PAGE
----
Obododimma Oha

Sounds & Smells & Sights of a Miserable Day


a market for miseries …

The piddle & the pressure of congested streets
Etiquettes that run wild

Only a search
For what fills the stomach
And chokes the mind

The hawk & the hawker
Slowing the heartbeat
Of a boiling street
Here, you are pushed
There, you are rushed at

As you buy, as you sell
A miserable day


kinesis of the madding crowd

A bus never stops for you to board
You run to meet it
As it grunts and groans and grinds along

The mad rush of the waiting mob
The bus will swallow more than its fill
Some sitting, some standing, some hanging
Some sitting on those sitting
Some laughing, some cursing
Some exchanging greetings, some exchanging blows

Somewhere, someone filled with the spirit
Would start to sing, to pray, to preach in bad English
Some humbled by their sins, would chorus amen
Some hardened by routine, would yawn alleluia

Soon, the bus is trapped in a go-slow
The air inside tortured by the breath & sweat
Of the impatient many
Waiting for hours, they sigh & swear
Waiting beside their worries
Waiting beside their fears

The hawkers thanking God
Would dash from side to side, selling wares
The beggars displaying their wares too –
Scars or sores or seeming horror
To shock & chill & win some pathos

And soon,
The bugs of the city
Grabbing phones, watches, necklaces
At dagger-point or gunpoint, whichever is cheaper
To minimize waste


the smells you can almost touch …

The pestilential smells invade
Oh, you can almost touch the rank
That torments the air
Rank odours of the dark, stagnant water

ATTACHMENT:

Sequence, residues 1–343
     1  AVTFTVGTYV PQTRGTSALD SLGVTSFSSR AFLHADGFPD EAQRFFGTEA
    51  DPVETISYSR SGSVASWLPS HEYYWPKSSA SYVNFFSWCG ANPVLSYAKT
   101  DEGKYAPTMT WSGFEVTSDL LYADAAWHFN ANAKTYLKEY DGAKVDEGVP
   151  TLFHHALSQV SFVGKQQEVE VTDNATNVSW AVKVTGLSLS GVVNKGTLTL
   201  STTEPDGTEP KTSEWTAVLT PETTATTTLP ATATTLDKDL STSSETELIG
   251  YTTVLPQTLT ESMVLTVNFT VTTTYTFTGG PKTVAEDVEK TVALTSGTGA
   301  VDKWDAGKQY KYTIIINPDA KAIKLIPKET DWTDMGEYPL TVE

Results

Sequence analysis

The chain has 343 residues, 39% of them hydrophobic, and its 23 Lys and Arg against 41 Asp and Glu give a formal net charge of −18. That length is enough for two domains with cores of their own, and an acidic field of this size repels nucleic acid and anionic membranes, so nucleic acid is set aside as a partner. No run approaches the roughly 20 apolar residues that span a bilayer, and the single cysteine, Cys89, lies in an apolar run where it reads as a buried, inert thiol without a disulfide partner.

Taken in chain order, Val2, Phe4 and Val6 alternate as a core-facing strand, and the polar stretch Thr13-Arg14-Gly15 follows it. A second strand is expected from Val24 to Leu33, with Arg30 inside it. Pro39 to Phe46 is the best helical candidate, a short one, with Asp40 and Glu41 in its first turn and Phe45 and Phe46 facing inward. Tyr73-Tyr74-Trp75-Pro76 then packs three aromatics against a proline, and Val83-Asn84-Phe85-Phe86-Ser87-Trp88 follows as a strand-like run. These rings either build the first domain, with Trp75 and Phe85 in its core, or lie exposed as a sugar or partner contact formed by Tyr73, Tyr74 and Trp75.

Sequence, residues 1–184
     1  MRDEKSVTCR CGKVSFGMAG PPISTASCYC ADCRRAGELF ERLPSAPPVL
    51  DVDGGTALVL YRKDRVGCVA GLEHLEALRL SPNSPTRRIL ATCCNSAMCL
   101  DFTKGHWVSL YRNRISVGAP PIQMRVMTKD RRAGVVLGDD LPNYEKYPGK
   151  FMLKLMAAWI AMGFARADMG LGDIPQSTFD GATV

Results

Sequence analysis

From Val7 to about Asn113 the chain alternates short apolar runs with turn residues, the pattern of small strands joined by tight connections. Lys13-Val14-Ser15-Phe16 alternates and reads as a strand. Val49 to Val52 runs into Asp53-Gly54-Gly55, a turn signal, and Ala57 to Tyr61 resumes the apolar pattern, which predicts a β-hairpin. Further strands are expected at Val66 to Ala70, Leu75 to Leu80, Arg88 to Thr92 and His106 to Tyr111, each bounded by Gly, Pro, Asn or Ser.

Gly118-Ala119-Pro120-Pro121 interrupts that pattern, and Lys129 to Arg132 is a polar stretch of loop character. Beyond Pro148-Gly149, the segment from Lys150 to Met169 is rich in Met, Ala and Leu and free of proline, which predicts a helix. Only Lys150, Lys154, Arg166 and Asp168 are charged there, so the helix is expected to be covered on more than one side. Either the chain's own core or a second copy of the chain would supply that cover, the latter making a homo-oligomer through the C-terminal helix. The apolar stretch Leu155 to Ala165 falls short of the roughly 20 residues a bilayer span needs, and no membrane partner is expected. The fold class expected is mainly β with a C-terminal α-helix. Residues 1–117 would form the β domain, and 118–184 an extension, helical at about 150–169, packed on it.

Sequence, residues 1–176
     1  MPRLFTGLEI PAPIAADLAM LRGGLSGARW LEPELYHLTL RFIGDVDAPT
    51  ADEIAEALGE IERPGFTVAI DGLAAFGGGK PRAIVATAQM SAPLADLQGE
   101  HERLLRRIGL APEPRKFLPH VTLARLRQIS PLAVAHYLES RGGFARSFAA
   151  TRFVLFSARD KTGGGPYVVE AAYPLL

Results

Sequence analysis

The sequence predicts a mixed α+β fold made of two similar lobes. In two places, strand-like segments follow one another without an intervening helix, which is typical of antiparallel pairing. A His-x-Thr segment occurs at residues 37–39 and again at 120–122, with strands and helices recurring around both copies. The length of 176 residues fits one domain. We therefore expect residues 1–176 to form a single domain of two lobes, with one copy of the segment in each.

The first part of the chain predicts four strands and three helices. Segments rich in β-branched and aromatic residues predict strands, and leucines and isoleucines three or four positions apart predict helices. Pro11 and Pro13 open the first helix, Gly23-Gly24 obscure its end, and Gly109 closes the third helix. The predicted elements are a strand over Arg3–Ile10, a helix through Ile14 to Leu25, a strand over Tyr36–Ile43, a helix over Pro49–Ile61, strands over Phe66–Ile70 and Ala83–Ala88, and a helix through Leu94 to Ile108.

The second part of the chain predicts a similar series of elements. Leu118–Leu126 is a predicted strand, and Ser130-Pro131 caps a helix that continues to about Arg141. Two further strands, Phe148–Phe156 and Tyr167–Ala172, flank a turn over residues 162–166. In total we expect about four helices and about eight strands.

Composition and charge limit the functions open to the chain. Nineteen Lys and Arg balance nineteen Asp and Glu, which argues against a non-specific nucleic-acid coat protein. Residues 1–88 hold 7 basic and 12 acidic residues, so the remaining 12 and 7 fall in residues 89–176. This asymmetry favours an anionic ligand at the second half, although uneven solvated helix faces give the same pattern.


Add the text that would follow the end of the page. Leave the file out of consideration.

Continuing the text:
Rank odours of mountains of refuse, that refuse eviction
Poisonous fumes of rickety automobiles & sneezing factories
Reeking smells of moneyed recklessness,
the decay of the humans dangling their being

countryman, soon you learn
to post the postcolonial in the floating smell
of decaying futures


taking some noise home

Uniform uncertainties, non-uniformed eventualities
In the wild spaces of anomie

The street sings in your head…

The hooting of the impatient horns
The fury of the hasting tires
That risk, this luck, those miracles

Finally, back home, you finger your way
Through the darkness to a keyhole
And drop half-dead on your bed,
Not quite sure your mind is still intact


street homes

Families in the streets
The streets in the families
Howling in that habit
Too free to be polite

A father touting far from honour
Brings home some earned violence
His certificate in street life, with which
He writes a red eye
On his wife’s waiting challenge

A mother shouting at estranged cubs
Fills their hearts with the love to hate
Creative silence
She growls; she screams; she vomits hellfire
On little devils pestering her life
After a hard day’s toil of an alabaru*

The siege of the street on feet
Planted in the wild
The street invades the home
With blows & curses & blood
The streets come home, armed to the teeth
Drugs, dregs, and dragnets.

* Alabaru is a Nigerian term for porters (mostly women) who operate at market places, following shoppers around and carrying their purchases for them for a little fee.

Obododimma Oha is a Professor of Cutural Semiotics and Stylistics in the Department of English, University of Ibadan, Nigeria. His poems have been published in several literary journals, for instance Otoliths, Shadowtrain, African Writing Online, Postcolonial Text, Ekleksographia, Envoi, Sentinel Poetry Online, and Ase. He co-edited the anthology One Hundred Thousand Poets for Change with Anny Ballardini and Michael Rothenberg. More information on him can be obtained from his blog, http://udude.wordpress.com/.
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